- A study indicates possibilities for new farming methods on the West Side of the San Joaquin Valley, which is challenged by selenium-laden irrigation effluent.
- One method of using excess selenium in West Side drainage water is to apply the water to salt- and selenium-tolerant crops - including canola and mustard.
A comprehensive study involving California State University, Fresno-based researchers, indicates possibilities for new farming methods on the West Side of the San Joaquin Valley, which is challenged by selenium-laden irrigation effluent.
The research work began in 2006 with a research partnership among California State University’s Center for Irrigation Technology at Fresno State, a U.S. Department of Agriculture soil scientist and West Side farmer John Diener.
West Side growers have tried to reduce their production of selenium-laden irrigation effluent to sustain agricultural land, said Gary Banuelos, lead researcher on the project. He represents the USDA’s Agricultural Research Service based in Parlier.
One method of using excess selenium in West Side drainage water is to apply the water to salt- and selenium-tolerant crops. Several of these crops are in the brassica family, which includes canola and mustard.
“For canola to be widely accepted as a crop and be used to manage the volume and selenium content of effluent produced in the West Side, it is imperative that viable economical uses for the harvested plant product be created,” Banuelos said in a report on the project.
The primary goal of the project was to successfully grow canola using selenium-laden drainage water. Over two years at Diener’s farm southwest of Fresno, the research team established several 40-hectare plots planted to canola and mustard.
The test plots were irrigated with water high in selenium, yet the crops still produced a maximum seed yield of 2.2 metric tons per hectare, Banuelos reported. More than 300 tons of brassica seed were harvested and processed over the course of the experiment.
The second project phase was to press the harvested seed for oil that could be blended with diesel fuel. This was accomplished on Diener’s ranch with research funding provided by the California State University Agricultural Research Institute, state Department of Water Resources and the USDA’s Agricultural Research Service.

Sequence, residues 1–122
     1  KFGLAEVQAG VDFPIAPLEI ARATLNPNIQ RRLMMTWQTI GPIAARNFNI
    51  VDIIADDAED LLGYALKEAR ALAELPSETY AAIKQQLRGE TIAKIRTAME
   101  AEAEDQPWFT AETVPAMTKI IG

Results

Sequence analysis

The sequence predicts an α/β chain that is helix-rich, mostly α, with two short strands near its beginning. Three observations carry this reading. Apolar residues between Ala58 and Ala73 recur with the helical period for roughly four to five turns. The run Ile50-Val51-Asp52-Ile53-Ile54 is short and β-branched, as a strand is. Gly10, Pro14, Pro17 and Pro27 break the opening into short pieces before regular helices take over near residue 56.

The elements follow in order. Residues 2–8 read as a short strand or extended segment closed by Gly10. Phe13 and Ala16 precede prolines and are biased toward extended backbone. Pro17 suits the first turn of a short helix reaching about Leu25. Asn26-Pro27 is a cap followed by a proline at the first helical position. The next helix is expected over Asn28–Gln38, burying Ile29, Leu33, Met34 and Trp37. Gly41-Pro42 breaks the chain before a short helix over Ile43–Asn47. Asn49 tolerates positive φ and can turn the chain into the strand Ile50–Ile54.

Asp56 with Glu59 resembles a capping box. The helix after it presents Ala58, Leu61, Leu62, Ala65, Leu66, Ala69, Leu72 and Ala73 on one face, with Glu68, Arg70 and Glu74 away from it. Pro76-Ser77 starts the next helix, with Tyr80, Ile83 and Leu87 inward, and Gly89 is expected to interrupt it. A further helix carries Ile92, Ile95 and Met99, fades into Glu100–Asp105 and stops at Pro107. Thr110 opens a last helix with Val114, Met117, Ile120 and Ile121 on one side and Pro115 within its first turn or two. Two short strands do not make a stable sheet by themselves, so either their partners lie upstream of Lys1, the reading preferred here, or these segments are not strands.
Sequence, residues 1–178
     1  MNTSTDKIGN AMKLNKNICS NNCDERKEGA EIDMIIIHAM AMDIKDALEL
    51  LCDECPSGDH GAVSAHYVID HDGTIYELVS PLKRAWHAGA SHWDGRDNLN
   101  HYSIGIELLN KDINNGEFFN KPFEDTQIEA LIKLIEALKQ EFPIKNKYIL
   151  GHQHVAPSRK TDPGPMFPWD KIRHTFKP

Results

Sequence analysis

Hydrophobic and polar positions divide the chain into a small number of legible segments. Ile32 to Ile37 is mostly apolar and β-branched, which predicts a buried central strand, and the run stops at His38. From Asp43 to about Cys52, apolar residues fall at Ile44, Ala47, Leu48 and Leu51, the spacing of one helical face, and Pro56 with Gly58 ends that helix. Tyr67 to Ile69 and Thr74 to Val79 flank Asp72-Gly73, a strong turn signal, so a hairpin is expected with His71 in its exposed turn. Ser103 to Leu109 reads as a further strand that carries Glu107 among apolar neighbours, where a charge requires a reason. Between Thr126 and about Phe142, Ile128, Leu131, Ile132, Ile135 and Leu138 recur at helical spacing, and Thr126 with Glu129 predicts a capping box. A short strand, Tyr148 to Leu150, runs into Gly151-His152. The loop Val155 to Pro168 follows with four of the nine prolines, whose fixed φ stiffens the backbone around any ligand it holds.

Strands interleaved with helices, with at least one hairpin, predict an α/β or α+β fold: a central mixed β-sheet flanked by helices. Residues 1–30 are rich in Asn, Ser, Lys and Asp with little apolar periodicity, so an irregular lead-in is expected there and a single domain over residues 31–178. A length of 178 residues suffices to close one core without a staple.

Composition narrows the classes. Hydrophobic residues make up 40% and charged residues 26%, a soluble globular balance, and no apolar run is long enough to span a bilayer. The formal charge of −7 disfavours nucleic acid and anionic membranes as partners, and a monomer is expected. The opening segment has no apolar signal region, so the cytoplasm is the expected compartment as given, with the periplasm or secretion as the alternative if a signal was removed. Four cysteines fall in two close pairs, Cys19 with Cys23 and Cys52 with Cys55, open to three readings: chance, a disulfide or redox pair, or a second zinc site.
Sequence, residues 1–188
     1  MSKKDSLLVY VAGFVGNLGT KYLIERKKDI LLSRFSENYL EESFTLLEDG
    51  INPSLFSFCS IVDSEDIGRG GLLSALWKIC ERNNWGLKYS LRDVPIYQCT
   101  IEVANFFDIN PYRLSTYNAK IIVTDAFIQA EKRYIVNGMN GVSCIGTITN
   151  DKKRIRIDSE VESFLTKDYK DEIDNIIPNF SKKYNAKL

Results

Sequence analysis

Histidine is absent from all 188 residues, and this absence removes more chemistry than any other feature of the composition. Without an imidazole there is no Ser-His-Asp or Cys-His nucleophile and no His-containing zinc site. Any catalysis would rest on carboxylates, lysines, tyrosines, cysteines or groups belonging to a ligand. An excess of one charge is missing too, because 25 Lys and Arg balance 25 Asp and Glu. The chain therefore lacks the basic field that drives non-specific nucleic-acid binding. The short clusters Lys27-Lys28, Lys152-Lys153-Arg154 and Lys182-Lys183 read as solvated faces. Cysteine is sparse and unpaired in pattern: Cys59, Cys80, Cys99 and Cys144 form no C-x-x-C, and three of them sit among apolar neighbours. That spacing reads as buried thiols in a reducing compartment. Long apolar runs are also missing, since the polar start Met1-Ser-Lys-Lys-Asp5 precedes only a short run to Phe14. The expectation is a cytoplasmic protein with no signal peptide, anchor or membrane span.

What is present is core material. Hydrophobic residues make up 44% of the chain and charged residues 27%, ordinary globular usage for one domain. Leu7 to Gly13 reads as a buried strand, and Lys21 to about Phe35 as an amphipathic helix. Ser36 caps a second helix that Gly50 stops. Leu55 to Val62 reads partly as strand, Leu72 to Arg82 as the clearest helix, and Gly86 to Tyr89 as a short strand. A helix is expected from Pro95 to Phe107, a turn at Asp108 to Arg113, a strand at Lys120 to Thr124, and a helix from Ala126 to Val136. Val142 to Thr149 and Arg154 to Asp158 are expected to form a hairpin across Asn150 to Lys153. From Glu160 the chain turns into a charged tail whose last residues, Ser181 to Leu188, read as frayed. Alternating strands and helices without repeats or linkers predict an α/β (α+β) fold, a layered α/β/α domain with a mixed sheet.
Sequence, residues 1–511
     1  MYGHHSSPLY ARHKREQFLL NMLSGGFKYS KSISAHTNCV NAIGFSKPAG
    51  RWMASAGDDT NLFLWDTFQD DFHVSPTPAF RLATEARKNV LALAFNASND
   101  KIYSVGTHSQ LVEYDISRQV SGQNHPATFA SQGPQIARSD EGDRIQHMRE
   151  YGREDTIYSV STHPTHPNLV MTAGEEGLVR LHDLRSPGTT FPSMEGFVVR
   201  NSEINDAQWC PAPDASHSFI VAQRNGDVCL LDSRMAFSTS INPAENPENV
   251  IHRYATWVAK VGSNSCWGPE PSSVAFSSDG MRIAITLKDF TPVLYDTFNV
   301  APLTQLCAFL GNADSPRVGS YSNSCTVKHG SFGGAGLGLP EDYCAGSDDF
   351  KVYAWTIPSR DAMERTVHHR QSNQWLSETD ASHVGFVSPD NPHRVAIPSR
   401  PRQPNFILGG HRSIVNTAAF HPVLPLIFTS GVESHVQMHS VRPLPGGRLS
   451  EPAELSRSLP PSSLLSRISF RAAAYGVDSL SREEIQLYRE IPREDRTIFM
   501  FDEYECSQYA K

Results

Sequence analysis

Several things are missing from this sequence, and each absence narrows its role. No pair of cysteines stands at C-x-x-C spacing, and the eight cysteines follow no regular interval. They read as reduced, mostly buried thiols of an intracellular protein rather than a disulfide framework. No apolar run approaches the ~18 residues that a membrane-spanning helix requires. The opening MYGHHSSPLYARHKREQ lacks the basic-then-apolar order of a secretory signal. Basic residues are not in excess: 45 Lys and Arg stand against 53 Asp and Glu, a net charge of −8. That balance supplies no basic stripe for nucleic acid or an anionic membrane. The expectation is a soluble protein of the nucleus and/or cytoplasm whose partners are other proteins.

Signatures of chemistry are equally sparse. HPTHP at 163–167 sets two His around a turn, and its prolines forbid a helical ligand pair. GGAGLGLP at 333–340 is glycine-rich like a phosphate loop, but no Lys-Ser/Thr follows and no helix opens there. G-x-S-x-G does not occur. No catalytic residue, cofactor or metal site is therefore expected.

The funding enabled purchase of a dry extruder and oil press capable of extracting up to 90 percent of the available oil from the canola and mustard seed.
With cooperation from Russ Teal of Biodiesel Industry in Santa Barbara, the pressed oil was processed and blended with commercial diesel fuel to produce Biodiesel (BD) 20. The biofuel was successfully used to power 5.9-liter Cummins diesel irrigation booster pumps on Diener’s DK Farm.
The final project goal was to produce nutritious, palatable cattle feed supplement that would meet selenium needs of dairy cattle. Under the supervision of Dr. Jon Robison, a dairy science professor at California State University, Fresno, feed trials were conducted at the Fresno State Dairy.
“These studies showed that selenium-enriched canola and mustard did not significantly increase total blood and serum Se content in either cow breed,” Banuelos said. And while selenium concentrations in milk increased, they remained at safe levels.
Additional long-term studies should be conducted, Banuelos said, but the initial outlook is encouraging.
“Our testing demonstrated that the coupling of selenium phytomanagement with biofuel production may provide growers with a unique opportunity to increase environmental sustainability in areas with high selenium conditions, and at the same time reduce use of petro-diesel in sensitive parts of California,” Banuelos said.
In addition, with more than 1.8 million dairy cows in California alone, there is a large market for selenium-enriched brassica feed meal that could be met from the West Side, he said.
For more information on this research, contact Banuelos at email@example.com.
(Text by Steve Olson of the California Agricultural Technology Institute.)